Not Today Covid!

  • Published
  • By Senior Airman Ruben Rios
  • 514th Air Mobility Wing

At least that’s what the 15 hours of 104 degree fever with the coronavirus felt like.

It seems that Covid-19 affects people differently. Well, for me, I’ve never been as sick in my entire life as I was with coronavirus. My head felt like it was overheating and my body felt like it was frozen. I was incapacitated for weeks.

Most others who have had coronavirus symptoms would probably agree that the virus is not fun, nor is being stuck in quarantine a vacation. You can’t go outside, you’re all alone, and you’re miserable from being sick the entire time.

Thankfully, I have wonderful people in my life including my family, friends and two amazing jobs — at the firehouse and the Freedom Wing — with amazing coworkers, who checked in on me frequently until I was fully recovered.

Starting with chills and fatigue, followed by a fever, I soon knew I had the virus. Immediately, I called my primary care physician and was instructed to self isolate for 14-days. I was not prepared with supplies. However, I was lucky enough to have a support system which saw me through the weeks. I received a care package from my wingmen and my mother would leave homemade soup at my door every couple of days.

Once I finally started to feel better, the next step was to get tested, however, that would prove more difficult than I thought. At the time, testing was not as available and it took some time before I was able to do so. After two weeks I was finally able to get tested! To my surprise, I still tested positive.
And so, despite feeling significantly better (aside from poor respiration and coughing), my quarantine continued.

By this point, I had been out of work for a couple weeks and was beginning to go stir crazy.

Compared to what people less fortunate than myself were experiencing, I had it easy.

The unfortunate reality is that many people have passed away from this virus, with the total reported death toll currently hovering around 65,000 in the United States.

I can’t begin to imagine the mental and emotional toll that the loss of loved ones has had on people across the world over the past few months.

For me, the isolation and time away from work was enough to cause anxiety to start taking over. All I wanted was to get better and finally be able to return to work. However, every time I thought I might finally go back, I was told I needed more time off.

It took a couple of weeks but with the help of my support system, I was able to relax, recover, and finally go back to work.

Quarantine has forced those like myself in a single person household to be physically alone for weeks. Being alone can take a huge toll on a person emotionally and mentally. Therefore, it is important to understand that while we may be physically isolated, people across the world are experiencing the same thing with the hope of leveling the curve of this pandemic.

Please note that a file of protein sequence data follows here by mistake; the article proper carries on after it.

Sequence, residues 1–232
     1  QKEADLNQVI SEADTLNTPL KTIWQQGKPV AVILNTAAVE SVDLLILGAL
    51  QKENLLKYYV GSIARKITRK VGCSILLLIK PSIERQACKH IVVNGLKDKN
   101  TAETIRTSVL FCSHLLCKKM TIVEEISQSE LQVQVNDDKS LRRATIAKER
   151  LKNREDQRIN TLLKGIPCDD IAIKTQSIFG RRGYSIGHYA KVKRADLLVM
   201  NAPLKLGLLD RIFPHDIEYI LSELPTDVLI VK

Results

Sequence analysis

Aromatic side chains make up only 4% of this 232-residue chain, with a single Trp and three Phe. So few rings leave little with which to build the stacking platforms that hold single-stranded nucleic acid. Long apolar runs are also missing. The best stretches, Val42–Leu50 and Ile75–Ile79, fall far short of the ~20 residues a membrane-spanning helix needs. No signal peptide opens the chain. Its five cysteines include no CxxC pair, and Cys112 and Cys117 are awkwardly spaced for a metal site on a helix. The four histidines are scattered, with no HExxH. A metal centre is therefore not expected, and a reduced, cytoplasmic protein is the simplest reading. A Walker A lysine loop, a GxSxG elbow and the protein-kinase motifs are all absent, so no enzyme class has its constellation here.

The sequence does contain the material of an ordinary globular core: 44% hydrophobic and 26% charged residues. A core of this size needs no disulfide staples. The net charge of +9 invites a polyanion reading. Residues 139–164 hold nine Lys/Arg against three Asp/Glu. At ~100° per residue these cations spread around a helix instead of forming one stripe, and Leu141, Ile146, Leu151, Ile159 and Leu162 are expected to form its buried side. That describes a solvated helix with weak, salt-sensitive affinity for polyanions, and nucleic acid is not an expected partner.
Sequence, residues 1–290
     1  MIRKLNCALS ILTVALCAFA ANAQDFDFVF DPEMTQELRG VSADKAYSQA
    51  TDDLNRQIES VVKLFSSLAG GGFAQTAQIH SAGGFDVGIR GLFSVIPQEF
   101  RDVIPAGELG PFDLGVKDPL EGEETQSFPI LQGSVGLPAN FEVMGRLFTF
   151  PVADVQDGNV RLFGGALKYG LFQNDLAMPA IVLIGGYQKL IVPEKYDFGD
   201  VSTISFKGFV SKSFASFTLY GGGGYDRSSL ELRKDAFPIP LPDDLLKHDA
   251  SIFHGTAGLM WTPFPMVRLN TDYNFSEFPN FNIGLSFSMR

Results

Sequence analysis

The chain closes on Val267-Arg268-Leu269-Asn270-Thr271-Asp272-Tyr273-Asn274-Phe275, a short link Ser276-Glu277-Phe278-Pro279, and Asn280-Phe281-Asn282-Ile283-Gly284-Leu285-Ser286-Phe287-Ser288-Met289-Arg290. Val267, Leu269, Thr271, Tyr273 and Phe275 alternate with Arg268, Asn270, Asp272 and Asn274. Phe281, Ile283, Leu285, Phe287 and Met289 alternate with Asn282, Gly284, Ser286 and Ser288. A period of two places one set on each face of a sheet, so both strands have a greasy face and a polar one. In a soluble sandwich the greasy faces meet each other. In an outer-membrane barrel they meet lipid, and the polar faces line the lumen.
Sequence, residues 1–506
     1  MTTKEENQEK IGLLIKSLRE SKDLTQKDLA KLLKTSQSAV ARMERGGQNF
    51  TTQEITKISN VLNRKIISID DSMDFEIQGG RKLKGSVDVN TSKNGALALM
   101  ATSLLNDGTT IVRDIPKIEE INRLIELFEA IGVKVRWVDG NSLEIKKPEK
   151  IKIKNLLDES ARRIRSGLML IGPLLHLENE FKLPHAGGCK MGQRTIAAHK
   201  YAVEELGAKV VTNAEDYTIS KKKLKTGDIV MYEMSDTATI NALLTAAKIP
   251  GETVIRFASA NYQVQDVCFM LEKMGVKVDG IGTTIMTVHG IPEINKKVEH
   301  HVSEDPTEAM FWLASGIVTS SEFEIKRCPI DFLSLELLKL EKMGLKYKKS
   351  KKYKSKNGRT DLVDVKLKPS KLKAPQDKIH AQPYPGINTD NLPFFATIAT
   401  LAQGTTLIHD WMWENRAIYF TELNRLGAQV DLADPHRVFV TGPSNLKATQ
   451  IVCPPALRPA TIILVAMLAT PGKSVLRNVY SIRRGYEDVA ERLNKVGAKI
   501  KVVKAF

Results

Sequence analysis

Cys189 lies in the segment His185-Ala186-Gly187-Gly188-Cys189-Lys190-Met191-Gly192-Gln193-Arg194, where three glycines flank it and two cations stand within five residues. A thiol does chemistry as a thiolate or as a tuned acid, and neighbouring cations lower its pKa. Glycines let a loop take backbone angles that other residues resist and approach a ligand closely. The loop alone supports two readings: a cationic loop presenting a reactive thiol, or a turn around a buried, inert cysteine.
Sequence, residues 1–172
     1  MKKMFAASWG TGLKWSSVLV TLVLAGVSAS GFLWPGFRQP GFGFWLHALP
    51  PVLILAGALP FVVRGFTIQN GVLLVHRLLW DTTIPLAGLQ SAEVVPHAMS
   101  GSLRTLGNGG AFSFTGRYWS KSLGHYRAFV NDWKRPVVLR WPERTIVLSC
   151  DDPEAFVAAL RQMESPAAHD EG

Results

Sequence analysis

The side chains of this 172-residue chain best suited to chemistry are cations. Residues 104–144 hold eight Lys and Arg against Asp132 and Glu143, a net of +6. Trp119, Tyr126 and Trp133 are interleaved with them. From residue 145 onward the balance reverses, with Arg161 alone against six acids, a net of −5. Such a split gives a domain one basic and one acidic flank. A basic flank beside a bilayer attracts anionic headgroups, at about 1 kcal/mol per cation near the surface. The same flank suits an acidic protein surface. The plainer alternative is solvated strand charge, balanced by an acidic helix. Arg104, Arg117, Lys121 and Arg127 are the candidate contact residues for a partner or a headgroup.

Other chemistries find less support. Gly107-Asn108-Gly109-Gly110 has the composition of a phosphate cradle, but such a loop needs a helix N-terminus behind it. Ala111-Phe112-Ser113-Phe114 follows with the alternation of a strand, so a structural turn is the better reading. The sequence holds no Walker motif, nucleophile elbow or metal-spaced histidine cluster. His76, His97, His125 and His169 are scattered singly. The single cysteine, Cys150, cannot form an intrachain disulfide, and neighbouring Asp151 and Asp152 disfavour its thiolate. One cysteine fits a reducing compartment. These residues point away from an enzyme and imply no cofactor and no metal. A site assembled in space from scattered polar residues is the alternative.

Personally, using Zoom, I was able to sit down to dinner with friends multiple times during my quarantine.

It might not be the same as hugging your friend and seeing them in person but today’s technology allows many ways to socialize with loved ones. There are many video chat apps that allow people to interact in a pseudo-normal capacity.

There are examples of people cooking together; working out in their living room; sitting down for a virtual dinner; or just chatting as if they were together in person. The greatest part is these apps allow multiple people to participate in any one conversation.

Just remember that there is light at the end of the tunnel and look out for those going through a hard time, whatever or however it may be.

As Reserve Citizen Airmen we have access to Military OneSource where you can speak to a health and wellness coach or even receive confidential counseling. Military OneSource has free 24/7 support and can be reached at their website or via phone at 1-800-342-9647.

If the feeling of loss or any negative emotions become unbearable please speak to anyone you feel comfortable with or you can reach out to the National Suicide Prevention Lifeline for free and confidential support. They can be reached 24 hours everyday at 1-800-273-8255.

Having contracted the coronavirus and living alone, I am forever grateful to the countless people who reached out to make sure I was ok—not just physically but also emotionally and mentally. My family, friends, coworkers, and wingmen helped me get back to a place of normalcy and I hope I can do the same for others.